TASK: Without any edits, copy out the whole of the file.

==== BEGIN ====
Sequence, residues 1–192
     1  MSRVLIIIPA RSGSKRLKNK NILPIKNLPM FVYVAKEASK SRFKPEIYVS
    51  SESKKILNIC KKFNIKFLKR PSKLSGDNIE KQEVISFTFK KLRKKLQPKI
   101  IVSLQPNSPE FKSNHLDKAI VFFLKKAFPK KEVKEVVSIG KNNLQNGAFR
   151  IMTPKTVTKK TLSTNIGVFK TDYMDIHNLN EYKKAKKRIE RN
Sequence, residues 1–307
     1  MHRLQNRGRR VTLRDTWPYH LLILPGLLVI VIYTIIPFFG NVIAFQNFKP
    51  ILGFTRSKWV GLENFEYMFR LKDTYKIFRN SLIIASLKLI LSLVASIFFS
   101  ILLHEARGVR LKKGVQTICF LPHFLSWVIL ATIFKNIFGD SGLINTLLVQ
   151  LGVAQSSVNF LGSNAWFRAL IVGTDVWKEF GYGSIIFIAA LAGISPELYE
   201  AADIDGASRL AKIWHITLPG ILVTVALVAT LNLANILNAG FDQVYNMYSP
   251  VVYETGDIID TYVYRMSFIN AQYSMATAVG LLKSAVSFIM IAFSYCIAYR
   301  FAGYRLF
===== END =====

Sequence, residues 1–192
     1  MSRVLIIIPA RSGSKRLKNK NILPIKNLPM FVYVAKEASK SRFKPEIYVS
    51  SESKKILNIC KKFNIKFLKR PSKLSGDNIE KQEVISFTFK KLRKKLQPKI
   101  IVSLQPNSPE FKSNHLDKAI VFFLKKAFPK KEVKEVVSIG KNNLQNGAFR
   151  IMTPKTVTKK TLSTNIGVFK TDYMDIHNLN EYKKAKKRIE RN
Sequence, residues 1–307
     1  MHRLQNRGRR VTLRDTWPYH LLILPGLLVI VIYTIIPFFG NVIAFQNFKP
    51  ILGFTRSKWV GLENFEYMFR LKDTYKIFRN SLIIASLKLI LSLVASIFFS
   101  ILLHEARGVR LKKGVQTICF LPHFLSWVIL ATIFKNIFGD SGLINTLLVQ
   151  LGVAQSSVNF LGSNAWFRAL IVGTDVWKEF GYGSIIFIAA LAGISPELYE
   201  AADIDGASRL AKIWHITLPG ILVTVALVAT LNLANILNAG FDQVYNMYSP
   251  VVYETGDIID TYVYRMSFIN AQYSMATAVG LLKSAVSFIM IAFSYCIAYR
   301  FAGYRLF